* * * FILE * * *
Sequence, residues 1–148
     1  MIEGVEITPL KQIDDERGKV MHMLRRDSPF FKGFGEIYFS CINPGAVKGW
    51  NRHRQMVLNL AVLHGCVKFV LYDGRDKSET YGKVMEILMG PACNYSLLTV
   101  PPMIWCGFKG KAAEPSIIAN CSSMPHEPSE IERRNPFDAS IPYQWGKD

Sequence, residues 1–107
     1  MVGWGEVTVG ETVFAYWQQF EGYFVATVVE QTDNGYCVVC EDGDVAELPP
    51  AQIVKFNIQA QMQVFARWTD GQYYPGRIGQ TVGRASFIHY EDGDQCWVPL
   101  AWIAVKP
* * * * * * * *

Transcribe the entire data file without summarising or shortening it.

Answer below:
Sequence, residues 1–148
     1  MIEGVEITPL KQIDDERGKV MHMLRRDSPF FKGFGEIYFS CINPGAVKGW
    51  NRHRQMVLNL AVLHGCVKFV LYDGRDKSET YGKVMEILMG PACNYSLLTV
   101  PPMIWCGFKG KAAEPSIIAN CSSMPHEPSE IERRNPFDAS IPYQWGKD

Sequence, residues 1–107
     1  MVGWGEVTVG ETVFAYWQQF EGYFVATVVE QTDNGYCVVC EDGDVAELPP
    51  AQIVKFNIQA QMQVFARWTD GQYYPGRIGQ TVGRASFIHY EDGDQCWVPL
   101  AWIAVKP